The trouble with Friesians - DVM
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The trouble with Friesians
With a recent spike in popularity—and more than 100 years of tight inbreeding—these horses are developing serious breed-specific conditions.


DVM360 MAGAZINE


Hydrocephalus

Hydrocephalus is a relatively uncommon disorder in horses, but in Friesians it is seen at an estimated rate of 2.5 foals per 1,000 births.1 Some researchers think the higher incidence of hydrocephalus in this breed is caused by a deformation of the jugular foramen. If this collagen-based structure fails to develop properly, a chain of events begins that may lead to fatal hydrocephalus. A nonfunctional jugular foramen could lead to internal jugular vein compression. This could disturb cerebral spinal fluid and enhance its accumulation, resulting in hydrocephalus.1 In an article documenting Friesian clinical issues, Siebren Boerma, DVM, of the Equine Clinic Garijp in the Netherlands and colleagues discuss both dwarfism and hydrocephalus and attempt to connect them genetically.1

Megaesophagus

One of the most serious clinical problems seen in the Friesian breed is megaesophagus. This problem is directly related to the suspected collagen abnormality seen in this breed.1 Megaesophagus is a chronic dilation of the esophagus, accompanied by a lack of normal muscle tone and contractile ability in the esophageal wall. It can be seen in all animals but is usually found at a very low rate in the general horse population.

In a study conducted between 2002 and 2007 by Boerma along with Marianne Sloet van Oldruitenborgh-Oosterbaan, DVM, PhD, DECEIM, of Utrecht University's Department of Equine Sciences, 45 cases of megaesophagus were recorded.3 These cases were seen at either the Equine Clinic Garijp or Utrecht University. Of these 45 cases, 41 were Friesians, and the lead researchers noted a familial predisposition among affected horses, strongly suggesting that this condition may be hereditary.

Horses with megaesophagus show a variety of progressive clinical signs, including loss of appetite, salivation, muscle wasting, mild colic and esophageal obstruction or choke. Radiography with contrast material or direct visualization via endoscopy can identify the swollen, semifunctional esophagus and confirm the diagnosis. Chronic megaesophagus often leads to aspiration pneumonia, which can be expensive to treat and may ultimately lead to fatal complications in the horse. These horses can occasionally be managed, and some do well. But the far better method of dealing with megaesophagus in Friesian horses is to identify animals affected with this condition and remove them and related family members from any future consideration as breeding animals.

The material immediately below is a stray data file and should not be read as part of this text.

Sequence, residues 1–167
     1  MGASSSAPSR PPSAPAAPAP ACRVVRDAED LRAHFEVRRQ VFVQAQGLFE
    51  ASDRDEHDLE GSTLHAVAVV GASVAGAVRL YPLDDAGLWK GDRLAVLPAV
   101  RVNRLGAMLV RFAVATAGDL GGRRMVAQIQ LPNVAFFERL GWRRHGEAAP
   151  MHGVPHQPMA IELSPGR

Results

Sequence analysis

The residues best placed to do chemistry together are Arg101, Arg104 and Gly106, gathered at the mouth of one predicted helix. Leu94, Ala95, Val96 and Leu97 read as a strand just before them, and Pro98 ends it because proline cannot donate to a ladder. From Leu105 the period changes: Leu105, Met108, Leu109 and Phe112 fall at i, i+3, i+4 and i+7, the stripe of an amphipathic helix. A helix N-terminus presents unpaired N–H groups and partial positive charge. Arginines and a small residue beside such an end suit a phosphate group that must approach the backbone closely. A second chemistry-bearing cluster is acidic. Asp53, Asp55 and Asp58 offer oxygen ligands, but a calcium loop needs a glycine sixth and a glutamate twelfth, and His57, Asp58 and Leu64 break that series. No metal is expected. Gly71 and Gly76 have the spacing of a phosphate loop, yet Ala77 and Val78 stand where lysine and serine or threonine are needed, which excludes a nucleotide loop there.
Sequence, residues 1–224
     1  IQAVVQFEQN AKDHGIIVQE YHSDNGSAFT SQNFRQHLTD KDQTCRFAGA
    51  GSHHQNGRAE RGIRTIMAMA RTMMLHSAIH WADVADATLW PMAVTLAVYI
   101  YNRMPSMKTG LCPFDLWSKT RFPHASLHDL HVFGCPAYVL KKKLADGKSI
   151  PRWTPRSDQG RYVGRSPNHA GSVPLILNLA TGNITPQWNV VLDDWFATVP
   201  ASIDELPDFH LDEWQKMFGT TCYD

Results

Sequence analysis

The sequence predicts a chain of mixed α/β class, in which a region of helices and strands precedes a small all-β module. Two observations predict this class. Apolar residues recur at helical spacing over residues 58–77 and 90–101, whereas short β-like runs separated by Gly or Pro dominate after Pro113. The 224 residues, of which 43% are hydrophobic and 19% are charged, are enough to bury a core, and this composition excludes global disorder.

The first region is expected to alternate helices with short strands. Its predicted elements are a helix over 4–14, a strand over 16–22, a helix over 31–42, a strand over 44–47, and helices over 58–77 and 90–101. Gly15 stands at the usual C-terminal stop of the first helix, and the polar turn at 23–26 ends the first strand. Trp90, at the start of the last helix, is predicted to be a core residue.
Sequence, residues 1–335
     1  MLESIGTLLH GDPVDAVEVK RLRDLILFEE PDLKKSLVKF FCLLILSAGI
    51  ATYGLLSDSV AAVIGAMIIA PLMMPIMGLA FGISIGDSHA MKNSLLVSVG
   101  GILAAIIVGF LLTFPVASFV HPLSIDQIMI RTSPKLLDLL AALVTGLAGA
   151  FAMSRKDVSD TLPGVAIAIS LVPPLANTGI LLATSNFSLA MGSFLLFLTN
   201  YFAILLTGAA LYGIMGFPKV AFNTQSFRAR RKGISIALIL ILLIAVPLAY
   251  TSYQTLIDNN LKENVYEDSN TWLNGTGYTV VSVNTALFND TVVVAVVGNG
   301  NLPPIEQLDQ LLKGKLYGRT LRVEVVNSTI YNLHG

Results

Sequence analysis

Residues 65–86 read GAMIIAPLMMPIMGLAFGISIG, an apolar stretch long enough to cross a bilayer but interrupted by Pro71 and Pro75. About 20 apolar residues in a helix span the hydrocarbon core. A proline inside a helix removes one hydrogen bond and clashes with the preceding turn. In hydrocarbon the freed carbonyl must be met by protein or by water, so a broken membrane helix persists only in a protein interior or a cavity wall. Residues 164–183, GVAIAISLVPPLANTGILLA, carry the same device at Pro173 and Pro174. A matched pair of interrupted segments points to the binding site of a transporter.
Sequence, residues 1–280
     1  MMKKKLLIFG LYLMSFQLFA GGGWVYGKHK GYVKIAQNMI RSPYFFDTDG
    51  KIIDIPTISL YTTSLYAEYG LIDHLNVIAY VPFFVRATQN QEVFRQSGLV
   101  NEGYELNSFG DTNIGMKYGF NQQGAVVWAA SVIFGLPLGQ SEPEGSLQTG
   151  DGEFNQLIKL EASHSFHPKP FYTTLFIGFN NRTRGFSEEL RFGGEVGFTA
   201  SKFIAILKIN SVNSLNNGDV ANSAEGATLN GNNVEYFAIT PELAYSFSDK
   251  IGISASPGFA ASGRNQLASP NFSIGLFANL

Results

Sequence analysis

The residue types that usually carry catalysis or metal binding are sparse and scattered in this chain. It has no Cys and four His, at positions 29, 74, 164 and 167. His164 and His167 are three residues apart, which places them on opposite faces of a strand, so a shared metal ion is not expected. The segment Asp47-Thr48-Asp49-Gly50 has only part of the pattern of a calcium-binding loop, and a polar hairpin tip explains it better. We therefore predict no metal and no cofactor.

Compromised immunity

Friesian horses are thought to have weakened immune systems, so many problems that affect other horse breeds only marginally tend to be worse in this breed. For example, the incidence of retained placenta is nearly 54 percent in Friesian horses compared with only 2 to 10 percent in the general equine population.1


Photos 1 and 2: The caudal aspect of the left forelimb of a Friesian mare showing an area of poor hair growth, scabs and irritated skin. This area of caudal alopecia and roughened skin is located slightly higher than in most Friesians but shows the typical dry, flaky, rough appearance seen in these horses. Allergic reaction and insect bite hypersensitivity are two of the main causes of these lesions. (PHOTOS COURTESY OF DR. KEN MARCELLA)
Insect bite hypersensitivity (excessive skin response to the bite from various seasonal insects, predominantly no-see-ems, or Culicoides species4) occurs in 18 percent of Friesian horses, as reported in one study.1 This hypersensitivity is an intense pruritic response commonly leading to hair loss (often extensive) and skin damage of the mane, tail, head and ventral abdomen (Photos 1 and 2). In many individuals, this skin damage is severe enough to render the horse unusable for prolonged periods (weeks to months) during the summer fly season. Comparatively, insect bite hypersensitivity occurred in only 8 percent of the Shetland pony population studied in the Netherlands.1 It is now thought that this Friesian condition is a familial disease with a polygenetic background. Affected animals can be treated with traditional methods, including medicated baths and topicals, insect control and repellant, corticosteroids and allergy desensitization, antihistamines and anti-inflammatory drugs. Friesians with this condition will often show a response to treatment, but recurrence is likely.


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Source: DVM360 MAGAZINE,
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